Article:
They reserve the right to redeem more debt prior to May 31, 2017 for 105%, and afterwards at par value. Thus, it would make sense that the company would be aiming for June 1st for a refinancing of existing debt and a removal of the pesky covenants that have been restricting management’s ability to perform other functions with their capital.

The only other debt outstanding are unsecured debentures (TSX: YPG.DB) of which $107 million remain outstanding. These debentures have a coupon of 8% and mature on November 30, 2022 – quite a long-dated debenture. Only after the senior secured debentures are matured, these debentures can be called by the company at 110% of par anytime, or 100% after May 2021. The company can also choose to defer cash interest payments and accrue a 12% payment-in-kind provision but so far they have not exercised this route.

Another feature of these debentures is that they can be converted to Yellow common shares at $19.04 – which is barely above the existing market price of $18.95 on Friday’s close.

This creates an interesting valuation puzzle. Investors have functionally sold a call at 110% of par to the company contingent on the redemption of the senior secured debt, while they have an embedded call linked to the common share price.

In terms of business valuation, if Yellow Media’s revenue/EBITDA margin trajectory remains roughly what management projects (which amazingly to date has been generally the outcome), Yellow Media should be earning somewhere around $70 million in net income. This would work out to $2.50 per basic share outstanding (not accounting for dilution if the debentures convert). If there is a modest growth valuation assigned to the company, one can make a case that Yellow should be trading around $30/share and not the $19/share it is trading at presently.

This would place a valuation of about 150-160 cents on the dollar for the debentures, with relatively little downside from current market prices (the bid of 109 would go down to somewhere around par if the underlying business eroded faster than the current trajectory).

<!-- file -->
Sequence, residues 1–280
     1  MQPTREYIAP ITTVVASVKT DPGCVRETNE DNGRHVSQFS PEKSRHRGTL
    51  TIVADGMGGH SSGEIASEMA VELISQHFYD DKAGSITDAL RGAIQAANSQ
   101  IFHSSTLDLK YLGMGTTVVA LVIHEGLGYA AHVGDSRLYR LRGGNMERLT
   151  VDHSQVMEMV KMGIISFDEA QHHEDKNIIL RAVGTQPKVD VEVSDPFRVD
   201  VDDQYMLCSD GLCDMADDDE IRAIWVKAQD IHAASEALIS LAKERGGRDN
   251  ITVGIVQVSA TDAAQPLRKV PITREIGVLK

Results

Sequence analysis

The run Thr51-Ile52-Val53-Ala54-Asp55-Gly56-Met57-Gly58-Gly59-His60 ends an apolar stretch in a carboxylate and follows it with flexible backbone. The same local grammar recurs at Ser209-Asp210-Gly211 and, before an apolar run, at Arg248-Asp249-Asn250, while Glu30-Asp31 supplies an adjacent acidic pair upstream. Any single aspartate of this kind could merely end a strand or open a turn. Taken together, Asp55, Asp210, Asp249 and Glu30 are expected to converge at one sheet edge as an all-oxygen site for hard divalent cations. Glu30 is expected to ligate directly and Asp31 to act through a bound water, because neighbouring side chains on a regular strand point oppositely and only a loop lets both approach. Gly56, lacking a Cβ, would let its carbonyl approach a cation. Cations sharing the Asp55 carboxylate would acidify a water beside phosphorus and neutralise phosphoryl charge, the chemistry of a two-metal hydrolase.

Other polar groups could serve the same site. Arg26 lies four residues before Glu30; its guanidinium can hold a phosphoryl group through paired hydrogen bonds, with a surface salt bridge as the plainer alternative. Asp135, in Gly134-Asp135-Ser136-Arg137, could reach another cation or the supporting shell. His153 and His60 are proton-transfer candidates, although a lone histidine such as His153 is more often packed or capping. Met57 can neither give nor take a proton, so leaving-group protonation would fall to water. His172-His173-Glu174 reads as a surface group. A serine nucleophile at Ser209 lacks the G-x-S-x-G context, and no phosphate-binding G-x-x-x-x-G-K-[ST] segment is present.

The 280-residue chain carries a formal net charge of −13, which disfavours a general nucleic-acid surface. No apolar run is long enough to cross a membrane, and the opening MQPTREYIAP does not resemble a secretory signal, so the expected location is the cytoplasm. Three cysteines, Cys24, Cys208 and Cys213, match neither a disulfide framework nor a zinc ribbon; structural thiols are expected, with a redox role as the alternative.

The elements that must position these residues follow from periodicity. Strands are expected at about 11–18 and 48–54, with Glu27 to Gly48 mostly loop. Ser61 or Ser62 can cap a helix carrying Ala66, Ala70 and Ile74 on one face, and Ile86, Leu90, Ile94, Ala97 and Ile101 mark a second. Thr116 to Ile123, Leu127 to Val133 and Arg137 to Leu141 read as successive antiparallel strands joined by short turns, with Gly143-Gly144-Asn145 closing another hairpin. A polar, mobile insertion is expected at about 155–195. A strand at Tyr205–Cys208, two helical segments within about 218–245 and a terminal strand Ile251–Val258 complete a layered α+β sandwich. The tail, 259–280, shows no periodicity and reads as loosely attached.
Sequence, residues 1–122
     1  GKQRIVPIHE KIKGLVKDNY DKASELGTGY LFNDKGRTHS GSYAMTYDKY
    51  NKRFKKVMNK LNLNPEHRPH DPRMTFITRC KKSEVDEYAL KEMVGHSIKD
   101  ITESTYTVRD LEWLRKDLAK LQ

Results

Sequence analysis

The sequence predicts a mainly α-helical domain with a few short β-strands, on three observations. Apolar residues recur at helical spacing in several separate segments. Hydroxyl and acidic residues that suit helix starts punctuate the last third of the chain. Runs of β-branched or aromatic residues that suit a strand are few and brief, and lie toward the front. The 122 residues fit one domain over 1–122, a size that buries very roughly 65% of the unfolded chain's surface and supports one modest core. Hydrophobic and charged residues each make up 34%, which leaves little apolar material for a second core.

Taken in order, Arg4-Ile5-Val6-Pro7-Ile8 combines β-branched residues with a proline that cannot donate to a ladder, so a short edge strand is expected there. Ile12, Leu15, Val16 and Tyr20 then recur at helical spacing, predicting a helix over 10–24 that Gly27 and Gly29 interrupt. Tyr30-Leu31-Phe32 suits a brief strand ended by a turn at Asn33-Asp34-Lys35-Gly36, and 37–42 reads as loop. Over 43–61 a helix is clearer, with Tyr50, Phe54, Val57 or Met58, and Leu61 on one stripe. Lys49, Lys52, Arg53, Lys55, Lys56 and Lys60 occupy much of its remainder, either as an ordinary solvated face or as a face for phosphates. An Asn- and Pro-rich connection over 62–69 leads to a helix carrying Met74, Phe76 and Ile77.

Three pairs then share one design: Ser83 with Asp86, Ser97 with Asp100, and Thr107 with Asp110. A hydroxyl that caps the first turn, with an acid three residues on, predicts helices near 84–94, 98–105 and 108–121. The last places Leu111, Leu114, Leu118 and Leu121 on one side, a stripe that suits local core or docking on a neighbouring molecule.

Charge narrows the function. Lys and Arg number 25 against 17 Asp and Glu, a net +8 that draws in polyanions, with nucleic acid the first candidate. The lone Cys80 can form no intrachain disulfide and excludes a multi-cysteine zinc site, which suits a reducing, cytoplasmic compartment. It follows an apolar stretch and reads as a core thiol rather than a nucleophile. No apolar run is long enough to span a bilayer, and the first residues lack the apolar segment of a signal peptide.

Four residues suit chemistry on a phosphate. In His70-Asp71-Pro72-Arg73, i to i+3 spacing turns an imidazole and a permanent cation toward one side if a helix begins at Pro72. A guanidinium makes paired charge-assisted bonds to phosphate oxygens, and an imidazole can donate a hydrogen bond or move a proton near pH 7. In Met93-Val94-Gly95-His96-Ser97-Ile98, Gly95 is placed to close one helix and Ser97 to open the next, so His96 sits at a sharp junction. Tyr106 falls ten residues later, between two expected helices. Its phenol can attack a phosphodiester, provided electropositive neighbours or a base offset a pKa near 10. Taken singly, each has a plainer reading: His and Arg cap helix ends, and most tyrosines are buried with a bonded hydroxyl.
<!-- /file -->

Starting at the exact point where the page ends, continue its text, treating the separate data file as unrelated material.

This also does not account for the time value of the at-the-money call option within the debentures – currently their warrants with a strike of $28.16 (nearly 50% above current market value) and an expiry of December 2022 trades at $4.13, so there is clearly time value in the call option.

The warrants are unattractive because break-even would be a common share price of $36/share (i.e. if you bought warrants at $4.13 vs. common shares at $18.96, you would do equally well with an investment if the common went up to $36/share at expiration – note your warrants would do significantly better if $36/share was reached prior to expiry).

While I am not interested in the common shares or warrants, I did buy a small amount of debentures near par in January with the expectation of holding onto them until they are likely redeemed (or if the common shares trade above $20.94, converted). They are a low risk, medium reward type investment. I will caution anybody wanting to trade them that you should be prepared for a very slow market and part of the reason why I have such a small holding is because of the relative market illiquidity.